- 1 Player
- 2-8 Players Download Play
- 2 Players Internet Play
- Versus – 2 Players Local Wi-Fi Play
- Playable in 2D or 3D Mode
- StreetPass Compatible
- Touch Screen Compatible
I have never been a fighting game guru, but when I was given the chance to review Super Street Fighter IV 3D Edition on the Nintendo 3DS, I kinda jumped at the chance to give this portable version a whirl. I played a pre-release version in February of this year, and back then I found that the game was user friendly for the casual gamer or noob to the genre. Well given that the 3DS is on store shelves now, and I have had some time with Capcom’s newest portable fighter and I thought I would share my thoughts with all you crazy readers out there.
If anyone expected a deep and engaging story in a Street Fighter game, they don’t know what the series is about…fighting. Sure, each character has some semblance of a mission for the main mode, but overall it is not a story that gamers will find themselves wanting to follow. If you are playing a Street Fighter game then you are playing the game for the combat, graphics, and chance to dominate your friends. ‘Nuff said!!!!
Surprisingly enough, Capcom has done a great job of porting over the big console versions to the smaller and less powerful 3DS. You will find a total of 35 fighters to choose from, including those that were added to the Xbox 360/PS3 after the launch of those versions. For each character you’ll find a wide variance of costumes as well, ranging from traditional, alternate and different colors for each. All in all you’ll be able to choose any character and change up their look quite often. There are also a lot of locales to battle in, as Capcom has created a lot of levels.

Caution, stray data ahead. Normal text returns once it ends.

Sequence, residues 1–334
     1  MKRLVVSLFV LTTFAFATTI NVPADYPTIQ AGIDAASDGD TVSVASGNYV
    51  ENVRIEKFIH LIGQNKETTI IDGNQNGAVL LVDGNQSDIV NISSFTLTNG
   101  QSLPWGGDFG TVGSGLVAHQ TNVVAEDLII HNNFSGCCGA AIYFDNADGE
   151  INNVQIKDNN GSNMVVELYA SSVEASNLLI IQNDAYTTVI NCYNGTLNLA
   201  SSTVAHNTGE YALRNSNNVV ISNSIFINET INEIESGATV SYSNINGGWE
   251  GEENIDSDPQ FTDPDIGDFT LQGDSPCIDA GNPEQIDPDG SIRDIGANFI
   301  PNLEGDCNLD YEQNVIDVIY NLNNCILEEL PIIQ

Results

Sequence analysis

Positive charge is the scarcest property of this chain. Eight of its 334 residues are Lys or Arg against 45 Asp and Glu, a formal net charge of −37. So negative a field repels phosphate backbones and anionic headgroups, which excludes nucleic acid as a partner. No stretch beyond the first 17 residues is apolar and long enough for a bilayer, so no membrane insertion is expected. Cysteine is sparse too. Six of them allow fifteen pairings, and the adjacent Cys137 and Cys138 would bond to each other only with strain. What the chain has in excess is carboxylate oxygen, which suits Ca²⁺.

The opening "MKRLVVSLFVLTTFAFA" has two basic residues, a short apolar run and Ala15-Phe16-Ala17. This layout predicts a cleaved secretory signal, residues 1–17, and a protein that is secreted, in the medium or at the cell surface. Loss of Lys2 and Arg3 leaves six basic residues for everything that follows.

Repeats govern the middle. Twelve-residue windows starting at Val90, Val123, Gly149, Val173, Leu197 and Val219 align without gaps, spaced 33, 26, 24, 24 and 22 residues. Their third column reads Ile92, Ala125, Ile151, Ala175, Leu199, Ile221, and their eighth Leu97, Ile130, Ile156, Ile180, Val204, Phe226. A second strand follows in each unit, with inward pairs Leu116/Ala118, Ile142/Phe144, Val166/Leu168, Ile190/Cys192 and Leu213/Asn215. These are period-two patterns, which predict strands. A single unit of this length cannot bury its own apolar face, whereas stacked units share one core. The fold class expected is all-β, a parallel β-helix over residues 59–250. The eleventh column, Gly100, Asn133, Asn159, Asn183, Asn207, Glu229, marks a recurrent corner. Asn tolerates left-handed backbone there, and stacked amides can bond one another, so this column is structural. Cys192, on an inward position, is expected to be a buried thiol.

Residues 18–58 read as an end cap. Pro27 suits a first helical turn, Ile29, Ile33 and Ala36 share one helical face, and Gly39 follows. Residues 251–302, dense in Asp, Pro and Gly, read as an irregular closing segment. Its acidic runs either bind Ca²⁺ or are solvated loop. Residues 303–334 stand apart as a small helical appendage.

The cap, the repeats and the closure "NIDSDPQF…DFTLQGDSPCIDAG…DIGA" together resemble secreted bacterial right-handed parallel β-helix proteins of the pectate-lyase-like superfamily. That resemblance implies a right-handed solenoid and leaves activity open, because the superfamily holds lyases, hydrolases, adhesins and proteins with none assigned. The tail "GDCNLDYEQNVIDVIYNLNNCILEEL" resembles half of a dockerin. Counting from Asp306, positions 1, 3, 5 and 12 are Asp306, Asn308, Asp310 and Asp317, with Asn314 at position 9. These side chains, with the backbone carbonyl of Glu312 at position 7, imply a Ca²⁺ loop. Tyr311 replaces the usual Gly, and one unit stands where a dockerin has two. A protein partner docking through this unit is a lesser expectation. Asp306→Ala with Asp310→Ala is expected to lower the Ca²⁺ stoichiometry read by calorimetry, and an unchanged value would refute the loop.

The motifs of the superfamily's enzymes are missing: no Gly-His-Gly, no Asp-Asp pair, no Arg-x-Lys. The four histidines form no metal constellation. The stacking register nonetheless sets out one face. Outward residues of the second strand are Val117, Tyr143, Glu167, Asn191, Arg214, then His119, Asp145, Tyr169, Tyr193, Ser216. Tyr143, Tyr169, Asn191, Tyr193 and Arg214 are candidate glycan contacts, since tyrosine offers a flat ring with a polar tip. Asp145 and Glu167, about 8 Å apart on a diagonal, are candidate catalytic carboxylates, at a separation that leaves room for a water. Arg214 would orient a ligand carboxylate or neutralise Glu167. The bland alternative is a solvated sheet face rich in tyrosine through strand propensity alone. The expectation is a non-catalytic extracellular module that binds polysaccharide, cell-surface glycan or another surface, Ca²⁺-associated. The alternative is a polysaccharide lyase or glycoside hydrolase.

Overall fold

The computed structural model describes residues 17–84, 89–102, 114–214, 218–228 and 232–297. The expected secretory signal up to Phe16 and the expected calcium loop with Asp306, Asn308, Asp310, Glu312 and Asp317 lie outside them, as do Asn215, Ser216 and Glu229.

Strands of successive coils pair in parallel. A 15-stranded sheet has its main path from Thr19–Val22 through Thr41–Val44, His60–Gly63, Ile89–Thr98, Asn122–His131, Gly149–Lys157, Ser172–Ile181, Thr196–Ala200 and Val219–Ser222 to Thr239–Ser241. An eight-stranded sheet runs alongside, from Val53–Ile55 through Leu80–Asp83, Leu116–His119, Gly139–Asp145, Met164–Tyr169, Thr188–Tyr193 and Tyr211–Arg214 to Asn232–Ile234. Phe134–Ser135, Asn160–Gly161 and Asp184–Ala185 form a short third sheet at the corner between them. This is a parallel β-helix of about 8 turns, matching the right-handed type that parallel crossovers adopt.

Ok, the game has a lot of content, but how does it play. Well given Capcom’s fighting game heritage, it plays darn well. All the moves of the bigger consoles have made it to this 3DS version. From simple moves to thumb numbing button and d-pad presses, all is intact. One thing that has always kept me from the hardcore fighting games is the complexity of the moves that is needed to be REALLY successful. These games are also usually ported over from arcade units, which usually have six buttons for attacks. Street Fighter IV 3D is one such game as it employs three types of punches and three types of kicks. Capcom has adjusted the control to use the four face buttons, as well as the two shoulder buttons of the 3DS. Overall the control works fairly well, but you will find your fingers cramping up after some long extended gaming sessions.
To make the game a little more ‘friendly’ to people like me, Capcom has taken the unusual step of utilizing the touch screen for control. Here the screen is broken up into four quarters, with each quarter representing a single button. These additional buttons are then used in one of two types of modes: Lite control or Pro control.